Lindsey McKeon: Tessa will forever be one of my favorite characters. She’s strong and no-nonsense but has this incredibly soft, in touch with her feelings side as well. We got to experience that in this last episode especially, and I think it’s a brilliant end to an evolved character. Every being has flaws; the potential is always there to connect to the light or to darkness.
Of the Supernatural episodes you were involved with, do you have a favorite?
The last two. This one because of what I mentioned above and the one prior because Tessa got to enlighten Dean about the laws of life and death, how important and with purpose they are; there is an order.
You spent most of your scenes in Supernatural interacting with Jensen Ackles’ Dean Winchester. Tessa made her debut trying to reap Dean; helped him and Sam stop the demon Alastair in season four; was his guide when he played Death in season six; and he was her killer this season when he discovered she had become an angelic suicide bomber. What was it like acting with Jensen? And what was your sense of the dynamic between Dean and Tessa? What do you think Dean meant to her?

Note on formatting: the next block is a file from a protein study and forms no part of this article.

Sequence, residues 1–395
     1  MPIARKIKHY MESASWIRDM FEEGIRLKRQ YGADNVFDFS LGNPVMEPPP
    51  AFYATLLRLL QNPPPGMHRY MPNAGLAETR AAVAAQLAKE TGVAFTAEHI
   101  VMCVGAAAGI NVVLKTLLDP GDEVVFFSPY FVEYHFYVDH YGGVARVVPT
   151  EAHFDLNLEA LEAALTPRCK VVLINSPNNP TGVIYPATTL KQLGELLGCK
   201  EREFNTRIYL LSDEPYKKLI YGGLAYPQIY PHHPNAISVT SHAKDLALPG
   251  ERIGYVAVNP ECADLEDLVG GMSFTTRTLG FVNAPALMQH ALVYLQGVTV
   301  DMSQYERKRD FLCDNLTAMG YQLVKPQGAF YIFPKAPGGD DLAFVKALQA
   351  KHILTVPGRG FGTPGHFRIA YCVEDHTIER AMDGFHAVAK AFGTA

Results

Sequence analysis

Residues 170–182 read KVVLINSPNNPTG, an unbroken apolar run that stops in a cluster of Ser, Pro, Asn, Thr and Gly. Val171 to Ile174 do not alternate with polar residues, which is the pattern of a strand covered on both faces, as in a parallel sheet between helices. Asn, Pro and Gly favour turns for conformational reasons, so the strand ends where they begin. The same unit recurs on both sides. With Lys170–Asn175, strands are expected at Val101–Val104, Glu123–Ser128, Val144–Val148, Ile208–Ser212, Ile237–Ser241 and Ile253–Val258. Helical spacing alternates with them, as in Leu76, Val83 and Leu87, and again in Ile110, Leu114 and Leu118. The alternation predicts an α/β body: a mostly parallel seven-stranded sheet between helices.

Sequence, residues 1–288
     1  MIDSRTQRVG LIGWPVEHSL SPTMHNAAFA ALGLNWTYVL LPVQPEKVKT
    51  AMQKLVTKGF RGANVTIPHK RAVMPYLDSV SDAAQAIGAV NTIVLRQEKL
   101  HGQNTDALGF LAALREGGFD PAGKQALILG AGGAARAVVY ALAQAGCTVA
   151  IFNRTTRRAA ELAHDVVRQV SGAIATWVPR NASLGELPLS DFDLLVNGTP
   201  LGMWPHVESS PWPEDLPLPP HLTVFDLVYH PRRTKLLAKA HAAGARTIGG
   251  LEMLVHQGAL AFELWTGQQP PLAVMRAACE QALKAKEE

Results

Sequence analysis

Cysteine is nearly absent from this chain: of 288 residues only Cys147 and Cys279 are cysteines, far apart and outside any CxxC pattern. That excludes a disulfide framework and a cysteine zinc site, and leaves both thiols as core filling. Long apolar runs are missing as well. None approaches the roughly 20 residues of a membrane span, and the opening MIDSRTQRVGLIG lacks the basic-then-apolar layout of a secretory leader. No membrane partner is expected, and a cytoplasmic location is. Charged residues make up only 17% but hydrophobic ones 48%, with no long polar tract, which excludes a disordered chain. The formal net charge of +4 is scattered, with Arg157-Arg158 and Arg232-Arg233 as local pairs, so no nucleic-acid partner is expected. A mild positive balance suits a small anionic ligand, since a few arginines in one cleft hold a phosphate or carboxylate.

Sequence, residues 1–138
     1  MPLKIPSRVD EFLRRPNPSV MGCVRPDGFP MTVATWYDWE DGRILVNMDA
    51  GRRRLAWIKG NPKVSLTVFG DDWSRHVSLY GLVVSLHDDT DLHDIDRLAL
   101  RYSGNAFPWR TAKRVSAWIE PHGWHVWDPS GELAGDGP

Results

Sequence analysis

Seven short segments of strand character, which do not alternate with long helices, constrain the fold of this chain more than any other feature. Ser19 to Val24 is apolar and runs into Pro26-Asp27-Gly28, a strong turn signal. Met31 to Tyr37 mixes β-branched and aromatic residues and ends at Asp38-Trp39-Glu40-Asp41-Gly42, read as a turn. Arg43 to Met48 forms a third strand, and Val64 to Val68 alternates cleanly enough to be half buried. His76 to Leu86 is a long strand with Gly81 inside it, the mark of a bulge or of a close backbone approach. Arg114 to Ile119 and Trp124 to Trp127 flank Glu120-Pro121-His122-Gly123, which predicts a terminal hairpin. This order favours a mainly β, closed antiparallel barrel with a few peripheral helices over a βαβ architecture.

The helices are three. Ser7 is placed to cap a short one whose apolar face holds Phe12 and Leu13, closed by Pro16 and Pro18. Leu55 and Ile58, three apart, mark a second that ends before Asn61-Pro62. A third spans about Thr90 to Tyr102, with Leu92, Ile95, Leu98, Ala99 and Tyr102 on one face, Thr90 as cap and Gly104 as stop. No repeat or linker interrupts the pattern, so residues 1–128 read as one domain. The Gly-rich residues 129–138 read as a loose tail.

I love working with Jensen. These two characters play so well off of one another. They are each strong willed and believe whole hearted in what they do. I feel there is a mutual respect between them, even when they see the other as wrong. I love to watch them battle.
When you first took the role of Tessa did you have any inkling that you would return to play the character three more times or that Supernatural would become as big as it has? Why do you think it’s resonated with people and captured the imagination of such a devoted fan base?